Individual Variation in Functional Topography of Association Networks in Youth

Zaixu Cui, Hongming Li, Cedric H. Xia, Bart Larsen, Azeez Adebimpe, Graham L. Baum, Matt Cieslak, Raquel E. Gur, Ruben C. Gur, Tyler M. Moore, Desmond J. Oathes, Aaron F. Alexander-Bloch, Armin Raznahan, David R. Roalf, Russell T. Shinohara, Daniel H. Wolf, Christos Davatzikos, Danielle S. Bassett, Damien A. Fair, Yong FanTheodore D. Satterthwaite

Research output: Contribution to journalArticlepeer-review

8 Scopus citations

Abstract

The spatial distribution of large-scale functional networks on the cerebral cortex differs between individuals and is particularly variable in association networks that are responsible for higher-order cognition. However, it remains unknown how this functional topography evolves in development and supports cognition. Capitalizing on advances in machine learning and a large sample imaged with 27 min of high-quality functional MRI (fMRI) data (n = 693, ages 8–23 years), we delineate how functional topography evolves during youth. We found that the functional topography of association networks is refined with age, allowing accurate prediction of unseen individuals’ brain maturity. The cortical representation of association networks predicts individual differences in executive function. Finally, variability of functional topography is associated with fundamental properties of brain organization, including evolutionary expansion, cortical myelination, and cerebral blood flow. Our results emphasize the importance of considering the plasticity and diversity of functional neuroanatomy during development and suggest advances in personalized therapeutics.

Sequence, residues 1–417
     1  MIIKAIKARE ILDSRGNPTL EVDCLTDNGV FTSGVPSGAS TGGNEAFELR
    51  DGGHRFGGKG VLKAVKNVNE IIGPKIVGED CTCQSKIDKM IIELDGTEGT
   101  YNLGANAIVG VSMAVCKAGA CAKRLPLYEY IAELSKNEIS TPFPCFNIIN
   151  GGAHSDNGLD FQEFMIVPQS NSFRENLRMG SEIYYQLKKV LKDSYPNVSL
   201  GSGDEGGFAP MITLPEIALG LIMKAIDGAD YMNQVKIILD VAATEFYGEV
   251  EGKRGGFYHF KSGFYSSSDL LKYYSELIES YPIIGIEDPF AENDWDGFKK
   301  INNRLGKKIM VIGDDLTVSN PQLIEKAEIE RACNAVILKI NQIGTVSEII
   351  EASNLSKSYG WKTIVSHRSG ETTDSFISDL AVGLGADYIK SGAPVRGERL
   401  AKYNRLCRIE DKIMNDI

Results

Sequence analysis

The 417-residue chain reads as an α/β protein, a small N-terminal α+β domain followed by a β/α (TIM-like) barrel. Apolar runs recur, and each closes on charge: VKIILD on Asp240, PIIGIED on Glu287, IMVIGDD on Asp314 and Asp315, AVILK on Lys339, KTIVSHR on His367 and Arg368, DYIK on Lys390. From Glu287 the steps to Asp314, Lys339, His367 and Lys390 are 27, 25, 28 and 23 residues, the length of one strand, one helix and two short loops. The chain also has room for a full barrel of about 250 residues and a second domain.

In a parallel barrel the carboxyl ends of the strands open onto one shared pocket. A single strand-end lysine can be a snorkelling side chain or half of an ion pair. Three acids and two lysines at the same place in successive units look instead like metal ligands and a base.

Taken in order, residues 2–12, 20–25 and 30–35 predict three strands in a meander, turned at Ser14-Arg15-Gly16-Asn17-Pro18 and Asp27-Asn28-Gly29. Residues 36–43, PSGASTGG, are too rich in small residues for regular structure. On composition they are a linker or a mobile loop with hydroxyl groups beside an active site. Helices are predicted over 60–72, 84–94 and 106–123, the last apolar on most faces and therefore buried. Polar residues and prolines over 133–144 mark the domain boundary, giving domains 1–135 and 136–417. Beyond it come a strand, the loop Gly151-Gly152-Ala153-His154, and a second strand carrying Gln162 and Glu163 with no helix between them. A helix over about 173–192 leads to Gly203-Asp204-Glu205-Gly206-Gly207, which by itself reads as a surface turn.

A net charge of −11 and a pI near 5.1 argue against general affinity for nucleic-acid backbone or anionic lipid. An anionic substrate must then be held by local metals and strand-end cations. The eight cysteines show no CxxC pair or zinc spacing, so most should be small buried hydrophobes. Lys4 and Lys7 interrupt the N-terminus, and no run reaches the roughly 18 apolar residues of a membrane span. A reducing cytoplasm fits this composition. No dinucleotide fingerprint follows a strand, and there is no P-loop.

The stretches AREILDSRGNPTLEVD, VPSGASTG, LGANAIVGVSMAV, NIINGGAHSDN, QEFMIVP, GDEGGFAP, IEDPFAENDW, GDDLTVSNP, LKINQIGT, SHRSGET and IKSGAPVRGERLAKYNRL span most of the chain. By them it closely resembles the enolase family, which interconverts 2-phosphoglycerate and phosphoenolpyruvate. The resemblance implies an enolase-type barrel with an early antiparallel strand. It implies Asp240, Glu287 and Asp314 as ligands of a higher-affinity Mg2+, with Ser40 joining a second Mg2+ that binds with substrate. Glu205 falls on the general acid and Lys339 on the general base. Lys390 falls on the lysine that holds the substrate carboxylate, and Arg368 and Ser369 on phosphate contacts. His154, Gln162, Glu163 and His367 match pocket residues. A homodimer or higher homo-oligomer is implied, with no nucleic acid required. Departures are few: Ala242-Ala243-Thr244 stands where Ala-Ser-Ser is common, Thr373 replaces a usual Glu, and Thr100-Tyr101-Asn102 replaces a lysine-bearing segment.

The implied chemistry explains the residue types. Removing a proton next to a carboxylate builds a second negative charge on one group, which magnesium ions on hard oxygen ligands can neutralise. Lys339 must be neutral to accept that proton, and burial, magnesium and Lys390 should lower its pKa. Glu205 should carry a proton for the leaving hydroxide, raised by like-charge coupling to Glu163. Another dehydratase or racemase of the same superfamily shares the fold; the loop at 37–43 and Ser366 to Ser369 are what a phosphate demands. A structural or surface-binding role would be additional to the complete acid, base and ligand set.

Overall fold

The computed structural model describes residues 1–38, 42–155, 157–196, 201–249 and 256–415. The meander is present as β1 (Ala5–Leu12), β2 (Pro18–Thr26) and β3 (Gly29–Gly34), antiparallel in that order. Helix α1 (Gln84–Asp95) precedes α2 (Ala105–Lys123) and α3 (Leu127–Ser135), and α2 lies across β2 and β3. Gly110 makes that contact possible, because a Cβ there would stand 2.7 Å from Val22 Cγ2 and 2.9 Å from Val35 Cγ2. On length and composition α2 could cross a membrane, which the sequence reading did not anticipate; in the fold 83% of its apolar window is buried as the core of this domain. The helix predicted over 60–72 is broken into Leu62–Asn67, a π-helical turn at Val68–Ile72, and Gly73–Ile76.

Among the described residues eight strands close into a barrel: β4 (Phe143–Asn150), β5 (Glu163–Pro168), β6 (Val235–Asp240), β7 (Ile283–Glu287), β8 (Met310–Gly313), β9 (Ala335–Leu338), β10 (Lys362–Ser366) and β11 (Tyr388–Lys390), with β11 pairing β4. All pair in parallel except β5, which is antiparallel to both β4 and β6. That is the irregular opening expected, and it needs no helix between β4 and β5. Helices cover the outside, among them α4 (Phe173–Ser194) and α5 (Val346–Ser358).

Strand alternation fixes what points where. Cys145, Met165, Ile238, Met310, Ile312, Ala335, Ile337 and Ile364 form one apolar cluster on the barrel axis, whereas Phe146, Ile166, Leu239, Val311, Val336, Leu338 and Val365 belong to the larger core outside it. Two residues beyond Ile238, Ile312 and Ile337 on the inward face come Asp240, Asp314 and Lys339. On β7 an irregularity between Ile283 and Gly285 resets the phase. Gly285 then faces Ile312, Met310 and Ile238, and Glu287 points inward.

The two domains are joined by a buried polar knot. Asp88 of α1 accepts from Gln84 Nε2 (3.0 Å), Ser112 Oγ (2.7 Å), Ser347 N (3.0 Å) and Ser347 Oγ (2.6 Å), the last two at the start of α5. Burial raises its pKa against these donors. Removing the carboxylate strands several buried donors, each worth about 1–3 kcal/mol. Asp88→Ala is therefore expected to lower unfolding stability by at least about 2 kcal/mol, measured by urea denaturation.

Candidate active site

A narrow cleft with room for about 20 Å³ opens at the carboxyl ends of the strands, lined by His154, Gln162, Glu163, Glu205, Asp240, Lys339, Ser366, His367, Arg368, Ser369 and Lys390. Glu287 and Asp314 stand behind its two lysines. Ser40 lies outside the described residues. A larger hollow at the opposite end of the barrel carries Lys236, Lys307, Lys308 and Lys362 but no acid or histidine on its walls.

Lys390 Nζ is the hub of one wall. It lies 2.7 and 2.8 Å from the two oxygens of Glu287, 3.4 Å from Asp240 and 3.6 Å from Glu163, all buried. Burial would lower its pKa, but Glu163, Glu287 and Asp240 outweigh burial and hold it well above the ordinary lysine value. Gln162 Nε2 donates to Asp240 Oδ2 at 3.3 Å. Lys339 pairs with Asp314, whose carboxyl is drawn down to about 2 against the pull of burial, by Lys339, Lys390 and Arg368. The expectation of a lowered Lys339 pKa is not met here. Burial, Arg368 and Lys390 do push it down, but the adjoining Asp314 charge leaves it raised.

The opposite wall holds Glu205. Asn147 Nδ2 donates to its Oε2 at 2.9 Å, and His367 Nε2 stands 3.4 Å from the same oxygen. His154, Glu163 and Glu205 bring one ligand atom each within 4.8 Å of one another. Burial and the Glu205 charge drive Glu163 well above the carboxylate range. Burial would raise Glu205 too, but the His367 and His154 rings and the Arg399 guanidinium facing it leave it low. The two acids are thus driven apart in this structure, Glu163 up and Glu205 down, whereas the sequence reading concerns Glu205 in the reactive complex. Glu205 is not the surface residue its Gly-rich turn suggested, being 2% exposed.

Original languageEnglish (US)
Pages (from-to)340-353.e8
JournalNeuron
Volume106
Issue number2
DOIs
StatePublished - Apr 22 2020
Externally publishedYes

Keywords

  • adolescence
  • cognition
  • cognitive control
  • development
  • executive function
  • functional MRI
  • MRI
  • network
  • parcellation
  • topography

PubMed: MeSH publication types

  • Journal Article
  • Research Support, N.I.H., Extramural
  • Research Support, Non-U.S. Gov't

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